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Out of time 


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When it comes to a movie dealing with a multiverse or a parallel universe or an alternate universe or whatever the kids are calling it these days, Happy Death Day 2U (** out of four stars) unfortunately skewers closer to the lameness of The Cloverfield Paradox than the giddiness of Spider-Man: Into the Multi-Verse. It should also be noted that it frequently bolts away from the original Happy Death Day. In other words, this is one time when (with apologies to Herman’s Hermits and that jolly Henry VIII) the second verse — multi or otherwise — is not the same as the first.

Released in 2017, Happy Death Day added a Groundhog Day wrinkle to the traditional slasher flick and took that notion about as far as it could go. The result was a fairly clever and fairly entertaining murder-mystery — and a standalone film that absolutely did not require a sequel. But when your movie costs $5 million and grosses $55 million stateside and another $70 million worldwide … well, I think even the U.S. Constitution states that a follow-up must be made.

Happy Death Day 2U is only partly a repeat of the first film. The rest of the time, it feels more of a piece with Back to the Future Part II (actually referenced in this new movie), Real Genius, Weird Science, My Science Project, and other teen-centric sci-fi flicks from the hallowed 1980s. But the results are more grasping than ingenious, never disguising the fact that this new slant muddles rather than enhances the appeal of the initial premise.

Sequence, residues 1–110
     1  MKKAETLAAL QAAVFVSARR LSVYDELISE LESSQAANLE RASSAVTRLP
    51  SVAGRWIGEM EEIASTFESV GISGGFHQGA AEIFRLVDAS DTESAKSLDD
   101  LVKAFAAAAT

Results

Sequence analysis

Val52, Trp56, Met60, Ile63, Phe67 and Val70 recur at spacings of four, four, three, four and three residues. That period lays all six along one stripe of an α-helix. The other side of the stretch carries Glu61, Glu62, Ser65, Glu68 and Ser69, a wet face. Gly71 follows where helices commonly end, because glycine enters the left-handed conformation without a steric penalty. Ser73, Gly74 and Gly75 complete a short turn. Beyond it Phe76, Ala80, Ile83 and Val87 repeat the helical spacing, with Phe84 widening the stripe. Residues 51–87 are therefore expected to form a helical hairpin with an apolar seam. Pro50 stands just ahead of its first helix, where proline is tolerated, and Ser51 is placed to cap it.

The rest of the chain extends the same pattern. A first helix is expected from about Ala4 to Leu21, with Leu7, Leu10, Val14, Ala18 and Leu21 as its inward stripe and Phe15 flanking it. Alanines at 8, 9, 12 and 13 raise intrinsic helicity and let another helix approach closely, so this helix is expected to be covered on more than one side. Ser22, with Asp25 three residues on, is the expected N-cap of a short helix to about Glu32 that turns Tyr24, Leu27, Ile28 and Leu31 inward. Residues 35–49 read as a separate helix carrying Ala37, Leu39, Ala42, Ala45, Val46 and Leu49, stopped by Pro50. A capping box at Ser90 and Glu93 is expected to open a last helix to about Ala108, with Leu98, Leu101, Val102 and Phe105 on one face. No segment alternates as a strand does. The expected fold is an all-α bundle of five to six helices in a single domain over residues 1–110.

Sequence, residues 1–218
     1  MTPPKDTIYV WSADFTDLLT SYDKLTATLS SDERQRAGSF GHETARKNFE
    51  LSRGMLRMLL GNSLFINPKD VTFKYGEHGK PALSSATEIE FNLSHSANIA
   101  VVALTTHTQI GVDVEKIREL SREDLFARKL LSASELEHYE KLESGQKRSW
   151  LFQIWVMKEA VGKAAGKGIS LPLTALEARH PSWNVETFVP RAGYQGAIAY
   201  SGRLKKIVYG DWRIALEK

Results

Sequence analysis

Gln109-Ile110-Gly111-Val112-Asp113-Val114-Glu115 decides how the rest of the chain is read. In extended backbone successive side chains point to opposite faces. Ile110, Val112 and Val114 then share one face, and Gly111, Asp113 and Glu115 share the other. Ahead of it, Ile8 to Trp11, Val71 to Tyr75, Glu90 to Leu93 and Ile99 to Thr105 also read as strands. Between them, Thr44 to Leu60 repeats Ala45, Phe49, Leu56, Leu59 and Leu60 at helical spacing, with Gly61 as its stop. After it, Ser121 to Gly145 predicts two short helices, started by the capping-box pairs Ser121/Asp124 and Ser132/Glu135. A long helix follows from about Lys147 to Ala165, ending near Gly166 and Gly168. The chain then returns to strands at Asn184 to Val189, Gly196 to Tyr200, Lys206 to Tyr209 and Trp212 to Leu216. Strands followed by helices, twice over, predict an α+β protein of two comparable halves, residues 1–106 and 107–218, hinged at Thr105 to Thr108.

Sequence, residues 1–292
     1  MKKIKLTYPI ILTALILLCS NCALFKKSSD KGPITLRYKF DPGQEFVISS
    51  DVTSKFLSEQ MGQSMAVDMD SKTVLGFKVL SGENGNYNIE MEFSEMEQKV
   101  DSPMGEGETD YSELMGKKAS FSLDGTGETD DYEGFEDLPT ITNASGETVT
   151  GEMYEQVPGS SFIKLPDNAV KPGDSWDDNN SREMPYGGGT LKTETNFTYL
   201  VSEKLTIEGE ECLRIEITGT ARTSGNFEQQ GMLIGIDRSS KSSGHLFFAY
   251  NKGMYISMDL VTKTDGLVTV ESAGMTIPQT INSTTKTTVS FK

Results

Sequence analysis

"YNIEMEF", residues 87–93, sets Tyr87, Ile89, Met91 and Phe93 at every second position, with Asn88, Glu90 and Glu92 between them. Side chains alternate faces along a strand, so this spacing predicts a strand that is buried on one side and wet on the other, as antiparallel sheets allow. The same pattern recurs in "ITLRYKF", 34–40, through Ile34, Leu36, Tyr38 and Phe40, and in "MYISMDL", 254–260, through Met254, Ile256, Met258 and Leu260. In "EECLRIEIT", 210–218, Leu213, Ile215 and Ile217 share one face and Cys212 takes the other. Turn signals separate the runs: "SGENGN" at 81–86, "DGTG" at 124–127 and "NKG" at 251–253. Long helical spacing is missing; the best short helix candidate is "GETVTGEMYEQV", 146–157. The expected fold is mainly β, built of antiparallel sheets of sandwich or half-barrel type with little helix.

Jessica Rothe returns as Tree, this time learning that her never-ending loop of a day — one in which she died over and over again, only breaking the cycle once she identified the killer — was the result of a science project conceived by Ryan (Phi Vu), the roommate of her boyfriend Carter (Israel Broussard). More mishaps result in an attempt to get the science project under control; instead, the inadvertent result is that Tree has to again relive that same nightmarish day over and over again — only this time in an alternate universe, and with a different murderer wielding the knife.

It plays out as desperately as it sounds, and it strips the original film of the raw power of its premise (Tree even states as much in this new movie). Worse, the murder-mystery angle is now completely obliterated in favor of the rote sci-fi shenanigans as well as a barren side drama involving Tree’s mother (Missy Yager). Whereas the original offered up a number of suspects, this entry basically has one — and, yeah, that’s who it turns out to be.

On the plus side, Rothe is again terrific as Tree, and here’s hoping she starts landing more prominent movie roles (so far, she’s mainly been guesting on TV series and popping up in obscure indies). On the negative side, Happy Death Day 2U ends with a setup for yet another installment, one that will doubtless head off in an even more nonsensical direction. If Happy Death Day turned to the ‘90s (Groundhog Day) and Happy Death Day 2U borrowed from the ‘80s (Back to the Future Part II), then will Happy Death Day 3Peat lift from the ‘70s? And will Travis Bickle or Sheriff Buford T. Justice be making an appearance?
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